A child of the space race, that’s how he describes himself.
“It’s been a huge fascination,” said Peter Reiquam, who as a boy watched Americans walk on the moon.
Reiquam, 53, is an artist, not an astronaut. In this week marking the 43rd anniversary of the first manned moon landing, I tracked him down to ask a question: Does Snohomish County have its own rendering of moon rocks?
“It’s not necessarily the moon. It’s a fictional landscape. It could be any planet,” Reiquam said.
The Seattle sculptor was talking about “Landing Zone,” his fun and functional art installation at Paine Field Community Park.
With the look of a retro sci-fi movie, “Landing Zone” is part flying saucer, part rain or sun shelter. It has granite boulders — which I saw as moon rocks — and a cast-concrete “X” with the appearance of a landing site and the function of a park bench.
Reiquam, like all of us baby boomers, came of age during the Space Age. Possibilities seemed limitless as we gathered around TV sets to watch a rocket blast off or a capsule splash down.
That day men first walked on the moon — July 20, 1969 — is more than etched in Reiquam’s memory. It’s inked on his upper arm. His big tattoo, created by Kenneth Neubert, shows astronaut Neil Armstrong on the moon in his lunar landing suit.
Borrowed from a famous photo, the tattoo includes a blue planet earth in the background, and something that wasn’t in the iconic picture — a satellite meant to represent Sputnik. The Soviets launched the satellite into orbit in 1957, and Reiquam said it’s on his arm as an homage to “the whole space race thing.”
On the day of the first moon walk, Reiquam’s family was in Norway. His scientist father was there working on a research project. His family didn’t have a television in Norway, so his father rented one from a TV repair shop. “All our neighbors came, and we watched it live,” Reiquam said.
One of the sculptor’s two grown sons is named Shepard — in honor of Alan Shepard, the NASA astronaut who on May 5, 1961, became the first American to travel into space. In 1971, Alan Shepard also walked on the moon and hit golf balls on the lunar surface.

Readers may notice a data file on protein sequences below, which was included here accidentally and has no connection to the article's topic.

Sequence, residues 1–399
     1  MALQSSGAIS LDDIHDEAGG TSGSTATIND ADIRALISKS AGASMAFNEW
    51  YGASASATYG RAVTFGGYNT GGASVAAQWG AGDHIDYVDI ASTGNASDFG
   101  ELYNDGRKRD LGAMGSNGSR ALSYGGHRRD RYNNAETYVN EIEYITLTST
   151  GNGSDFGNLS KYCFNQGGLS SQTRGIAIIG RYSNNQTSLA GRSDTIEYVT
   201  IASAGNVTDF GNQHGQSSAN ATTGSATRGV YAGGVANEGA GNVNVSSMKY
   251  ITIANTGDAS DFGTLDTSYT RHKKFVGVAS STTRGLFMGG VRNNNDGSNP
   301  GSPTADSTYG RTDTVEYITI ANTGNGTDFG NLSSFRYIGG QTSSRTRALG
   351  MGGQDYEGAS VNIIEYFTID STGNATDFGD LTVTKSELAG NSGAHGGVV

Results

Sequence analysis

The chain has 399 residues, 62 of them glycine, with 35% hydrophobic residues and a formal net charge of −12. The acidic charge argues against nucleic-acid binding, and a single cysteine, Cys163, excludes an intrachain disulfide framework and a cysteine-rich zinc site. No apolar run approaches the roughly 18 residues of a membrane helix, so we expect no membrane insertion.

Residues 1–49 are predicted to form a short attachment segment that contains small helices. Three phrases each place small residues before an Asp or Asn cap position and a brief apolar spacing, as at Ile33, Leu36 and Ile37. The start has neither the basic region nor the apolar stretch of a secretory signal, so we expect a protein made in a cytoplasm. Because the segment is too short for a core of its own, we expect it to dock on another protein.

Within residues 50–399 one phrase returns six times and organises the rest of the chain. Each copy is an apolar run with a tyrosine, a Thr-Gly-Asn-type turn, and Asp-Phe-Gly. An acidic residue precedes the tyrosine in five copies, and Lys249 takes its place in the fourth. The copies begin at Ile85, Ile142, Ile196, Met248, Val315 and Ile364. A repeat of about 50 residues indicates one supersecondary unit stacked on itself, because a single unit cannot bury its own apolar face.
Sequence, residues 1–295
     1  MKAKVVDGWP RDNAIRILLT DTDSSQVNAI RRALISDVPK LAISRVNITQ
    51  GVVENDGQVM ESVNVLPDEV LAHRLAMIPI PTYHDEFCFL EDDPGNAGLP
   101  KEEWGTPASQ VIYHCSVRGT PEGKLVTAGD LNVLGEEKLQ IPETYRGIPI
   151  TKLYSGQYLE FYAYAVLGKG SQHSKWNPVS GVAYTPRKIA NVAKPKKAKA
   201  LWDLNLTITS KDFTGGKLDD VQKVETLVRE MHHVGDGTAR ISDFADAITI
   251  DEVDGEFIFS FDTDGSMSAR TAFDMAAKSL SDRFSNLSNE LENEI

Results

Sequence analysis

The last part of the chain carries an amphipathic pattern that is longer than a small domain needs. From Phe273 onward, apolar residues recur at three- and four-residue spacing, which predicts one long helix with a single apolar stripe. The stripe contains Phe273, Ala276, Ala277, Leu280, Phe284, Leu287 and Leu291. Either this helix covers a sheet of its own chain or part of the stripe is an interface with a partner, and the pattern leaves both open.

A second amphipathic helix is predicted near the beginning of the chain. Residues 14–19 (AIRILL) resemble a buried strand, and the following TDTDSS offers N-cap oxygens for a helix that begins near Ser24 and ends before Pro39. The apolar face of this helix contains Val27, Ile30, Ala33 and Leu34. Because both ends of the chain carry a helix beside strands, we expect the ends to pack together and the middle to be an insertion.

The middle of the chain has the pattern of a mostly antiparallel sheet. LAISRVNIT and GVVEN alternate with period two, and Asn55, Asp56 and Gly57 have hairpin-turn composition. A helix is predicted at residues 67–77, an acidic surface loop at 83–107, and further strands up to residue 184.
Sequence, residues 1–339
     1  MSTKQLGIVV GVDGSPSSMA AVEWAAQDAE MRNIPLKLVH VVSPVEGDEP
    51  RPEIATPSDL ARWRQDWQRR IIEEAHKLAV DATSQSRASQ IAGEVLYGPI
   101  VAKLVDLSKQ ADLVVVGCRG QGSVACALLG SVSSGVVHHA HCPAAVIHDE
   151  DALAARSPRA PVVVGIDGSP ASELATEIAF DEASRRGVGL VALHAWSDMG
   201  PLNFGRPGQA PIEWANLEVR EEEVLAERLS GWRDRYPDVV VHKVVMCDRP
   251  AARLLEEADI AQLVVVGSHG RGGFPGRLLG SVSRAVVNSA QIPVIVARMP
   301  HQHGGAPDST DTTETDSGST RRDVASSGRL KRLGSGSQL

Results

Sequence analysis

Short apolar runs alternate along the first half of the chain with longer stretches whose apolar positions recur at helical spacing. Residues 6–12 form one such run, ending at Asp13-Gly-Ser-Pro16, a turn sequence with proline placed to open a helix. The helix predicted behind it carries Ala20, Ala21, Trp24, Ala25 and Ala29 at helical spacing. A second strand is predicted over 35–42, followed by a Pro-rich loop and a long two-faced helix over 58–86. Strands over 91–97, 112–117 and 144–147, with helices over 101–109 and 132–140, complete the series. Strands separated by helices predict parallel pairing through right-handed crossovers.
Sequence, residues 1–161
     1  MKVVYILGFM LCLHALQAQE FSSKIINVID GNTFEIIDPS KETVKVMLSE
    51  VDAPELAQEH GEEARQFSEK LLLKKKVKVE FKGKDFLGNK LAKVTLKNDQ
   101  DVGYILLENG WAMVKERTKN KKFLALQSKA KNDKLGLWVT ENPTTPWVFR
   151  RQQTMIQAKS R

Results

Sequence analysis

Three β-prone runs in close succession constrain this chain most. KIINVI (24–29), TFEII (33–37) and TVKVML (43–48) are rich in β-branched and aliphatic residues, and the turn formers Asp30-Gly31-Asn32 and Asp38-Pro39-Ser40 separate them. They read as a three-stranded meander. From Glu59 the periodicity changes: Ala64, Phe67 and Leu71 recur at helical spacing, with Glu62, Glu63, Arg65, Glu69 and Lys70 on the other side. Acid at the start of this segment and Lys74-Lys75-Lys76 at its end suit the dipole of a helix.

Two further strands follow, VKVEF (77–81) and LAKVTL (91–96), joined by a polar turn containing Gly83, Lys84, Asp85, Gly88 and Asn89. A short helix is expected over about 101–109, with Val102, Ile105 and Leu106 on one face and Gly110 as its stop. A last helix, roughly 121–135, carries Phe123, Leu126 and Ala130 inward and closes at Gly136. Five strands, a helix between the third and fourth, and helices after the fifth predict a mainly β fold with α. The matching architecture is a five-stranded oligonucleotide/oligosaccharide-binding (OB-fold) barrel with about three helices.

We have memories of seeing golf on the moon. No wonder Reiquam and I share a sadness that our country can no longer independently send astronauts into space.
On Saturday, it will have been a year since the shuttle Atlantis landed, ending the U.S. space shuttle program. In 1999, I wrote a column about the 30th anniversary of the moon landing. I noted how odd it seemed that I saw men walking on the moon, but my children only see that as history.
I have a copy of Time magazine from July 25, 1969. The magazine quotes German-born rocket engineer Wernher von Braun, who died in 1977. In 1969, he said he believed Americans could land on Mars by 1982 — people, not just a remote-controlled Mars rover.
The first launch of the shuttle Columbia was in 1981.
What we couldn’t see coming in 1969 was the Great Recession.
A NASA astronaut, along with one from Japan and one from Russia, just arrived at the International Space Station, boosted by a Russian rocket. For now, American astronauts have to hitch a ride. It’s like being grounded — no fun.
“It’s terribly disappointing to me. I think it’s going to be awhile,” Reiquam said. “The economy being what it is, it’s hard to justify. But I personally think it’s a great thing to explore the rest of the universe. The number of technological advances to come out of the space program is phenomenal.”
Less tangible, but no less meaningful, was how going to the moon made us feel. Reiquam remembers ticker-tape parades for astronauts who were “real-life heroes.”
“It captured everyone’s imagination in ways recent news can’t. People want something to cheer about,” he said.
Julie Muhlstein: 425-339-3460; email@example.com.
Former NASA astronaut Dr. Michael Barratt will give a talk at 2 p.m. Saturday at Seattle’s Museum of Flight.
Barratt will be at the museum for Space Exploration Day, commemorating anniversaries of the moon landing on July 20, 1969 and the Viking I robotic landing on Mars July 20, 1976.
In 2009, Barratt flew with space tourist Charles Simonyi on the Russian Soyuz TMA-14 to the International Space Station. In 2011, he was on space shuttle Discovery’s final flight. The talk is free with museum admission.
The Museum of Flight is at 9404 E. Marginal Way S., Seattle.